By Michael O'Sullivan
Washington Post Staff Writer
Friday, August 16, 2002; Page WE37
"By Michael O'Sullivan, reprinted with permission from the Washington Post"
Fraser Gallery's new outpost, a spinoff of the Georgetown gallery that opened earlier this year in downtown Bethesda, is devoted to a roundup of what director Catriona Fraser calls the gallery's trademark "edgy realism." True to her gallery's reputation for figurative painting (with a smattering of sculpture thrown in), the current "Summer Group Show" features a well-balanced mix of nudes and clothed figures, with a dash of landscapes and still lifes of produce for good measure.
The work's unfailing technical proficiency is always a hallmark of Fraser's shows, while the edginess acts as a tonic to what can start to feel like monotonous iterations of the human body's variety if not tempered with a jaundiced eye. Paintings by such artists as Rachel Waldron, who brings a cynical twist to her allegorical depictions of Rubenesque women, and Tristan Shane, whose Robert Williams-style surrealism draws from comix culture as well as from the art history canon, make for a varied and stimulating mix.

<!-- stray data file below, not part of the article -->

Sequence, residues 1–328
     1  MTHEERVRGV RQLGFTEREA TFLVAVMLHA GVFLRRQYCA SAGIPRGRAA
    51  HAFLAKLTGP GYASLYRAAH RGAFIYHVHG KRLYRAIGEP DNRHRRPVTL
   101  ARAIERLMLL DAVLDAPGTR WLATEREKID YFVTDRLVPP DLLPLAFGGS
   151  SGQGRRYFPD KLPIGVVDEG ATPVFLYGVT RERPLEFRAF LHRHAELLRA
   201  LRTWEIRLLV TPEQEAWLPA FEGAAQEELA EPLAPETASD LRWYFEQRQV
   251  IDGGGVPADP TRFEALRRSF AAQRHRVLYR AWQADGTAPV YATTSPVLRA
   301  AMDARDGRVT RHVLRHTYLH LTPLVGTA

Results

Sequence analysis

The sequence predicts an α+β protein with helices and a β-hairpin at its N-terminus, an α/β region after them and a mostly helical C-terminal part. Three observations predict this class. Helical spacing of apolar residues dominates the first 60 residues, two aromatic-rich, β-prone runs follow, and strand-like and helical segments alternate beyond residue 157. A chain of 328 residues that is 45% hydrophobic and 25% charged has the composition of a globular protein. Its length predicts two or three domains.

As with a couple of the other exhibitions mentioned, the hanging of the works at Fraser is, to my taste, a tad congested -- if to a lesser degree than the flea-market style of the worst offenders. In putting together a group show, it is helpful to remember that a chain is only as strong as its weakest link.
SUMMER GROUP SHOW -- Through Sept. 10 at Fraser Gallery, 7700 Wisconsin Ave., Suite E, Bethesda (Metro: Bethesda). 301/718-9651. www.thefrasergallery.com. Open 11:30 to 6 Tuesdays through Saturdays. Free.
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